Don't let the recent spring weather fool you - each and every new year for us in Detroit begins in January, during the dead of winter, within a northern climate. Snow will return, hopefully sooner than later, and while our backcountry skiing aspirations will be on hold for a bit, Detroit's "Big Four" ski and snowboard resorts will be back in action in no time!
In line with our recent article on the Big Four, each of these resorts have special attributes that make them well worth a visit over the next few wintry months. Alpine Valley provides a full-service mountain within a stone's throw of the Detroit region's best hiking, paddling, and mountain biking destinations. Mt. Brighton has state-of-the-art facilities and direct connections to world-class ski resorts around the country. Mt. Holly provides skiers and riders with Up North-caliber vertical terrain. And Pine Knob packs the largest adrenaline punch for our resident terrain park junkies.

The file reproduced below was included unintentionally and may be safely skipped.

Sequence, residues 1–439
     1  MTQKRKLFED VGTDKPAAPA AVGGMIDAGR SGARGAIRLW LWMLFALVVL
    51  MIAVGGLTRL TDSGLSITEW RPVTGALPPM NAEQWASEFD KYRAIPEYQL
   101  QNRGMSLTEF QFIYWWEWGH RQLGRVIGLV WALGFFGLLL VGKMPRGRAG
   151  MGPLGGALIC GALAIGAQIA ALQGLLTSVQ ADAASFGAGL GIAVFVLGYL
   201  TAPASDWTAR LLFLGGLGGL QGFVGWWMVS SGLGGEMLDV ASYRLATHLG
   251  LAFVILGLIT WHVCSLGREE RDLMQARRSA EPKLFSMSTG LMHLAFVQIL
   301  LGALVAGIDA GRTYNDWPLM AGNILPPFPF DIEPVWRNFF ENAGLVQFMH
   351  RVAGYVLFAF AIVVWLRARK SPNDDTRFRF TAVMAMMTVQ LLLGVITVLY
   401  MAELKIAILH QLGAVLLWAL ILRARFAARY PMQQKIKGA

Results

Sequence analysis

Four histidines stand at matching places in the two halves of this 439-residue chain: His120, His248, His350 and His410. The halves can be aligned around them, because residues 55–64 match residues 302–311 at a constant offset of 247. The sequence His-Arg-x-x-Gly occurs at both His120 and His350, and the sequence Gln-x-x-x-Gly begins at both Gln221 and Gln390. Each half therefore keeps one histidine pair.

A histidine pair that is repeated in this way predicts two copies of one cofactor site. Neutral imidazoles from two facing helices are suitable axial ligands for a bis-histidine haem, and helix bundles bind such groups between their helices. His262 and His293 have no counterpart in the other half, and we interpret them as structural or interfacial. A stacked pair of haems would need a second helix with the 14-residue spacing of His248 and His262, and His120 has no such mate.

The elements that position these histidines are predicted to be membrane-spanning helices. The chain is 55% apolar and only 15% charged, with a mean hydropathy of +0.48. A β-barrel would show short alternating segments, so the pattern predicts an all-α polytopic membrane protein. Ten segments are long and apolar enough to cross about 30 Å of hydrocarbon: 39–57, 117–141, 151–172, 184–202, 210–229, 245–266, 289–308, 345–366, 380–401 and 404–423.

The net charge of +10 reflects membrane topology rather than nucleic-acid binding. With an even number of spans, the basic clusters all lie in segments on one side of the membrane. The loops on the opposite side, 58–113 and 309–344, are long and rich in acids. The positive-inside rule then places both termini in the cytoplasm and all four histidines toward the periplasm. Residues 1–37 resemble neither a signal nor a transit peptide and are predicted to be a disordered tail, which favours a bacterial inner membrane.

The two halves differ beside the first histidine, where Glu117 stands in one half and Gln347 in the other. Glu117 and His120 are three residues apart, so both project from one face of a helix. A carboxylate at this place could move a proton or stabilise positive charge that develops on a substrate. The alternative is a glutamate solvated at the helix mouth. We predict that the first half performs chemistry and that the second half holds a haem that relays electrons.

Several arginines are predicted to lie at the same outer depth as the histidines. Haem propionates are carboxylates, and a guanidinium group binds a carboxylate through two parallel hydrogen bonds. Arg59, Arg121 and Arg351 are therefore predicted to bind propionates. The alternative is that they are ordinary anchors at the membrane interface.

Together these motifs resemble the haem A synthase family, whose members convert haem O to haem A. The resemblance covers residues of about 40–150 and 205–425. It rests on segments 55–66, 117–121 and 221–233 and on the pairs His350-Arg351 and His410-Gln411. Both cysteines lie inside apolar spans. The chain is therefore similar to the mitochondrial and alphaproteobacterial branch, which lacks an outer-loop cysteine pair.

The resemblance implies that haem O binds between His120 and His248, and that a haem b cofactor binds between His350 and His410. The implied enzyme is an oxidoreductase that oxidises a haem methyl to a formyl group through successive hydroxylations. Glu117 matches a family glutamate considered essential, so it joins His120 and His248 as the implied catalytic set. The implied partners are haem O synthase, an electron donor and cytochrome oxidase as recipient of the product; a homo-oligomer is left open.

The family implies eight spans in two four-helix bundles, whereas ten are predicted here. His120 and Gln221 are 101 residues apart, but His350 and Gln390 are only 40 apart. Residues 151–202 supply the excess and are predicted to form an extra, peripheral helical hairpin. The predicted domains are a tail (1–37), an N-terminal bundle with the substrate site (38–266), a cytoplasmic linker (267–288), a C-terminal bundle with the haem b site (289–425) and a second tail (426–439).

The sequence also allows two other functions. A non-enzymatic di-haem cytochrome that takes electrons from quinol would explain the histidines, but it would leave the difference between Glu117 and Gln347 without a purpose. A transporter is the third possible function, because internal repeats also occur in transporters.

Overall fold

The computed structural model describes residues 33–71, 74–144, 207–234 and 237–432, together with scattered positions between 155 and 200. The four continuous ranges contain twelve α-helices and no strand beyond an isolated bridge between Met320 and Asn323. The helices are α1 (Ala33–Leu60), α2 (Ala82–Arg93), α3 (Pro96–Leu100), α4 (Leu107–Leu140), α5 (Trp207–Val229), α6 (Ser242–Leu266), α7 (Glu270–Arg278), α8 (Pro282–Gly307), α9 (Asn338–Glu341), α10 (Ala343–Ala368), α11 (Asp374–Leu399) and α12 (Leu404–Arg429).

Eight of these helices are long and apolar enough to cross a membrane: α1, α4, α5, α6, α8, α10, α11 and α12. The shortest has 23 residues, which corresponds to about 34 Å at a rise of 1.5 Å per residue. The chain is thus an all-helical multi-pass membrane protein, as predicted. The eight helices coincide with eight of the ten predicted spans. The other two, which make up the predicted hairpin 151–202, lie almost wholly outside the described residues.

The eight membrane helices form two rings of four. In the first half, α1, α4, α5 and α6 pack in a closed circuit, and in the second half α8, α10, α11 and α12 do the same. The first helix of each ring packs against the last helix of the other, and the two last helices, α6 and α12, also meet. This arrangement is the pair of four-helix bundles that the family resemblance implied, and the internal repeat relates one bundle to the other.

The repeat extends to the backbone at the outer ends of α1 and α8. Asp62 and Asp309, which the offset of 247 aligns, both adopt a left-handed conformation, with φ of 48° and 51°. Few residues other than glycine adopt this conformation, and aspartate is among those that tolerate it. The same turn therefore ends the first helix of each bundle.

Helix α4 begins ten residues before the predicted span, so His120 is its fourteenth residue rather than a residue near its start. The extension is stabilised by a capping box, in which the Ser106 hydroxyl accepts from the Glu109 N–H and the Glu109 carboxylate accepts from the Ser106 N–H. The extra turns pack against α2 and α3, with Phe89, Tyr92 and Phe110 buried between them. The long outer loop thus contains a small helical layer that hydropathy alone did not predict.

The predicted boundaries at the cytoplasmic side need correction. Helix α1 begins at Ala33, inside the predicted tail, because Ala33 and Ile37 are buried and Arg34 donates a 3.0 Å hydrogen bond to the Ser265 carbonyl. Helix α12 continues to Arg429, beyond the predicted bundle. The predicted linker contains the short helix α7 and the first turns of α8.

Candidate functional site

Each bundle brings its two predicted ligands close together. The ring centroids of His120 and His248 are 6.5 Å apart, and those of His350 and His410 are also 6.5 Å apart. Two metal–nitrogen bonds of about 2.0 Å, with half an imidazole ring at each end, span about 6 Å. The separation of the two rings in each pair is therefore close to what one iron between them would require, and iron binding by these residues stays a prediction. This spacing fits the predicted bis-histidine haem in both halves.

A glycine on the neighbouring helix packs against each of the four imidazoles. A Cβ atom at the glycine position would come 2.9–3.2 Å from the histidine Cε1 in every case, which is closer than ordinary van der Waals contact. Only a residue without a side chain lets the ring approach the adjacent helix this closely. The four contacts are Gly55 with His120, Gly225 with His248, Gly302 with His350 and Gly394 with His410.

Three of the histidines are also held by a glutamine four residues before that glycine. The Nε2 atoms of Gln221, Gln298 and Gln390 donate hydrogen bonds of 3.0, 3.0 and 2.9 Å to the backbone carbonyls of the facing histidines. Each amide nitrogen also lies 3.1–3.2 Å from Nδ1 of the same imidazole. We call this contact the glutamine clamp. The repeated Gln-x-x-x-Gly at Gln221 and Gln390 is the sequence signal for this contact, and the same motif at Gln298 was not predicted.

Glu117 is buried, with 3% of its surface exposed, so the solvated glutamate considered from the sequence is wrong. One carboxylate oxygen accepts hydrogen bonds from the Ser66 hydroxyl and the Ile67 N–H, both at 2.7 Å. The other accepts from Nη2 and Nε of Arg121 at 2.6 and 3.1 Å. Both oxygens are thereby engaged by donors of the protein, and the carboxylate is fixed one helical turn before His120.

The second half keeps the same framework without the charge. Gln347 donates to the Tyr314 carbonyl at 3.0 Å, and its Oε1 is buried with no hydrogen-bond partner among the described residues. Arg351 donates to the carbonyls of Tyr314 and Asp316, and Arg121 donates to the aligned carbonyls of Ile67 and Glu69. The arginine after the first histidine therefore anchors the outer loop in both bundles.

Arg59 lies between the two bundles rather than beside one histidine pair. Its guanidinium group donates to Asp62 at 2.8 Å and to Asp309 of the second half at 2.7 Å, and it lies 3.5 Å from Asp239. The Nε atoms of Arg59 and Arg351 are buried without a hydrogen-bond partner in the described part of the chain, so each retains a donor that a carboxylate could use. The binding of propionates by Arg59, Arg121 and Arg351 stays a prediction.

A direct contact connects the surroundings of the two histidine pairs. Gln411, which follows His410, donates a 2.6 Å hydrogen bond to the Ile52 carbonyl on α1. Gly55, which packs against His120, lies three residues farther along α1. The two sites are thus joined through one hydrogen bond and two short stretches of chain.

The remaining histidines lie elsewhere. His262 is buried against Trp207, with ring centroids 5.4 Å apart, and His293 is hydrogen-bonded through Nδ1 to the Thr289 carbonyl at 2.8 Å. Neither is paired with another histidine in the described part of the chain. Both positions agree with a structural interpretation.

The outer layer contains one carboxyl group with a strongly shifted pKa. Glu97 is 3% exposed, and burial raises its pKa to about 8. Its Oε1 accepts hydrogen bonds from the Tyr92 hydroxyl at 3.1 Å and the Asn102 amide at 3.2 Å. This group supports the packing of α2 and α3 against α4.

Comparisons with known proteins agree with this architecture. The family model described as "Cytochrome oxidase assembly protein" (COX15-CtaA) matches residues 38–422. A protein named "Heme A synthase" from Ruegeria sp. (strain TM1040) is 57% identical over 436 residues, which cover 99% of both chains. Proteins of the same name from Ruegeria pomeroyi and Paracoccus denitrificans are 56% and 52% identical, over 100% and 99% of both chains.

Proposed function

Those are just the 30,000 ft. highlights; to get the full experience, take on all four mountains this season and rediscover your love for our local runs. Look for us on the chairlift.
2. Thru-Hike the Waterloo-Pinckney Trail
Waterloo and Pinckney State Recreation Areas
Last month, when I was on the ground conducting research for our "Trail Town Spotlight" article on Dexter, I struck up a conversation with a local outdoor enthusiast about Expedition Detroit. Naturally, our conversation shifted towards the most exciting and awe-inspiring outdoor experiences in our area. I tried to keep the conversation focused on Dexter, but she couldn't help spilling the beans on one very specific experience:
"Whatever you do, please don't write about the Waterloo-Pinckney Trail. It's our region's hidden gem!"
Sorry, ma'am. I told you then that I would have to write on it - multiple times - because it's simply that incredible to be kept a secret.
For the uninitiated, the Waterloo-Pinckney Trail is the Detroit region's sole, true thru-hiking trail (for the time being - ball's in your court, Iron Belle Trail). Typically backpacked from Waterloo in the southwest to Pinckney in the northeast, the trail is a 33.8 mile point-to-point hike (38.5 miles with campground diversions) that provides hikers with ample camping opportunities along the route. Hikers will gain 2,312 feet of elevation over the course of this hike, which usually takes between 2 - 4 days to complete.